The 14th century was a period of gradual change in Medieval life and culture which gave rise to a new concept of existence. It also saw a maturing of the literary tradition which was given its greatest expression by the Florentine Dante Alighieri. Dante's work was the origin to the modern Italian literary and linguistic tradition. The early lyrics are collected in the "Vita Nuova", an idealized autobiography in which the poet sings of his love for Beatrice whilst at the same time transcending that love for a higher one: the love of God. In the other works prior to the "Divine Comedy" ("Convivio","De vulgari eloquentia", "De monarchia"), Dante deals with contemporary themes of the spirit, culture, and politics.
Dante's major work, and the greatest in Italian literature is the "Divine Comedy": a complex and highly poetic work treating a vast subject. The content unites the culture and spirit of the Middle Ages and expresses a religious faith in a universe built and run by God's will.
This century in Italy, as elsewhere, is the golden age of vernacular ascetical and mystical literature, producing a rich harvest of translations from the Scriptures and the Fathers, of spiritual letters, sermons, and religious treatises no less remarkable for their fervour and unction than for their linguistic value.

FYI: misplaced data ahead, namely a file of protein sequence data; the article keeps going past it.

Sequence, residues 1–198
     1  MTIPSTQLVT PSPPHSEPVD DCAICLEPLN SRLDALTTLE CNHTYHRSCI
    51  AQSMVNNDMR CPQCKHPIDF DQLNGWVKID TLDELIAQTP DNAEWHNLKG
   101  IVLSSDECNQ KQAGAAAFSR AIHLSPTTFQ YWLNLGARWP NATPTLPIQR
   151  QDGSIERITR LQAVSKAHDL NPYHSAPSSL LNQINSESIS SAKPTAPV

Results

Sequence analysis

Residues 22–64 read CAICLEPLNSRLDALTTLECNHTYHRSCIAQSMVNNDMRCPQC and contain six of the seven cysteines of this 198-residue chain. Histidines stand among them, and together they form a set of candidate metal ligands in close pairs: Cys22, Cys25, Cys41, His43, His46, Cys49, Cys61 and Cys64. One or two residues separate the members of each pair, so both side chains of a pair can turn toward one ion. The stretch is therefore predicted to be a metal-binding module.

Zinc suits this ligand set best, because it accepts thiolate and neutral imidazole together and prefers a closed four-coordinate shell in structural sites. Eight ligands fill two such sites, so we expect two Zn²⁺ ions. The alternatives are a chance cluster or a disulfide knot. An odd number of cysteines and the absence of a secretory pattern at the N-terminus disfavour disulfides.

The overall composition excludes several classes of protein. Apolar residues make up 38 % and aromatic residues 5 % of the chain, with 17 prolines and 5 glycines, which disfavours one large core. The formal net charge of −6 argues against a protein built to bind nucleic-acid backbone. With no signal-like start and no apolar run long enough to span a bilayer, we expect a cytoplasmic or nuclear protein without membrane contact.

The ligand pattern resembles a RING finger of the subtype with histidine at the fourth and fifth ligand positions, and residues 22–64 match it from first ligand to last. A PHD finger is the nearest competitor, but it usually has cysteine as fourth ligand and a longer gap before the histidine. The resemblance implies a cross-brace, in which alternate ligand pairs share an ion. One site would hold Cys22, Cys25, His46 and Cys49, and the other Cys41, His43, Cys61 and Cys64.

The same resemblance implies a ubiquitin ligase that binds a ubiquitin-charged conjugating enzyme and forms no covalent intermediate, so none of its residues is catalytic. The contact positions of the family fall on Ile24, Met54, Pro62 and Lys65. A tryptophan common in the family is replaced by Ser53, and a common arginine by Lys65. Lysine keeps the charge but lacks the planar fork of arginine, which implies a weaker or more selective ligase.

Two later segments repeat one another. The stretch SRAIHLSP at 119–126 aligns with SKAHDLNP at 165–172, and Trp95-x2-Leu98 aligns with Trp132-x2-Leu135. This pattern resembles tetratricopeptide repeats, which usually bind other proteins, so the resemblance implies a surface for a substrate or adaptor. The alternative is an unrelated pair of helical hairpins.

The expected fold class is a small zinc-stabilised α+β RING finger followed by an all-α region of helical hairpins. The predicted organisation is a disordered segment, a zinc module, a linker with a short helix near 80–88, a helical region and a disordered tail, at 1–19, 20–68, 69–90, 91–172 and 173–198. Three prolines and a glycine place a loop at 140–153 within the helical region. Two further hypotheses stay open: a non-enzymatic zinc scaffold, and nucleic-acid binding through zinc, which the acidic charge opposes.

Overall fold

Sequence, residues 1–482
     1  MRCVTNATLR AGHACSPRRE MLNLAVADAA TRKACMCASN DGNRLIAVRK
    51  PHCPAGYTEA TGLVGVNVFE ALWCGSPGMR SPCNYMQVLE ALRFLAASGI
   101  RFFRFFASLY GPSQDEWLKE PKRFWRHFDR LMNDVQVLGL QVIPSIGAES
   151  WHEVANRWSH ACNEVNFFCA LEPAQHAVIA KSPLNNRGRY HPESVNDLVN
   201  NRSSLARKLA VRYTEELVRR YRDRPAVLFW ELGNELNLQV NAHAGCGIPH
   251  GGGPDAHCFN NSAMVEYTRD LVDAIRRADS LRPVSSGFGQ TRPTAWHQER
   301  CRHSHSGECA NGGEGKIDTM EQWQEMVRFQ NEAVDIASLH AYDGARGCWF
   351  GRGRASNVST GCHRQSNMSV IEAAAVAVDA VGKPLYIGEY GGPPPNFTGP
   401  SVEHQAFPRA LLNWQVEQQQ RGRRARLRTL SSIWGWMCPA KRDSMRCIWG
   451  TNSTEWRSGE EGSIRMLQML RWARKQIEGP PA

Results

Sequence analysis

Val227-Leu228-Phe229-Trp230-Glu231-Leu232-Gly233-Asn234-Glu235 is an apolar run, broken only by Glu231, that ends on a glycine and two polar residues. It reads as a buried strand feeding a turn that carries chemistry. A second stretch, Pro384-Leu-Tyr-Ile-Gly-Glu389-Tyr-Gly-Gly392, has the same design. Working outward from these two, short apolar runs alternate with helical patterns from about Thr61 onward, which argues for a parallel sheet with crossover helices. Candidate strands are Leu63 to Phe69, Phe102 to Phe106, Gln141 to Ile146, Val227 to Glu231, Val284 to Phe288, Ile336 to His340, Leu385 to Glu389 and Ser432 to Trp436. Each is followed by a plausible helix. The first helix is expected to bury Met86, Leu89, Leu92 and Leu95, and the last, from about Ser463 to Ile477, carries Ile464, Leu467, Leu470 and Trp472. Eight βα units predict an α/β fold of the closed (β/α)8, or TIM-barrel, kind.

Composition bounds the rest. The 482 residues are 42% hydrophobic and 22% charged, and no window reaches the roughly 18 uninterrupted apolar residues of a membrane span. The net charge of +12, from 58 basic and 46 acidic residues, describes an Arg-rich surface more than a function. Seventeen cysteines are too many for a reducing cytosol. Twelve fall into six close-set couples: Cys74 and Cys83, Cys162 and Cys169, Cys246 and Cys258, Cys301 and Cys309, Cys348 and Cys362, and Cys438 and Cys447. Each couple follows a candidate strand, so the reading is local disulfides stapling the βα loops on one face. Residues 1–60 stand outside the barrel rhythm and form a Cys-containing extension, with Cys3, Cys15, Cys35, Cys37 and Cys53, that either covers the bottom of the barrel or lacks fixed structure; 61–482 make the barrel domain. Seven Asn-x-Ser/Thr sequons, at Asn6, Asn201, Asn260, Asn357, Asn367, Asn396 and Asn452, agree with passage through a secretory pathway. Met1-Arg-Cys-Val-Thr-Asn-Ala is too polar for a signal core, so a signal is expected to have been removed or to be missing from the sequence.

The prose of the 14th century was characterized by an explosion of religious literature, primarily aimed at the education and religious instruction of the people. The number of sermons, doctrinal treatises, biographies of saints (particularly centered around Saint Francis and Saint Catherine) written at this time are testimony to the degree to which Christianity had become rooted in contemporary conscience and culture. There were also numerous historical works, in both Latin and Italian. These "chronicles" are notable for their liveliness and concrete narration.
The ideals of Humanism culminated in the Renaissance: the most glorious period in Italian art which set the example for the rest of Europe through the work of Masaccio, Piero della Francesca, da Vinci, Michelangelo, Raphael, Donatello, Botticelli, Brunelleschi, Bramante etc., and marked the beginning of modern civilization. It was a period characterized by a belief in Man at the centre of the universe, both subject and creator of his destiny, by the ideals of grace, beauty and harmony and by the glorification of individual freedom and the synthesis between Man and Nature.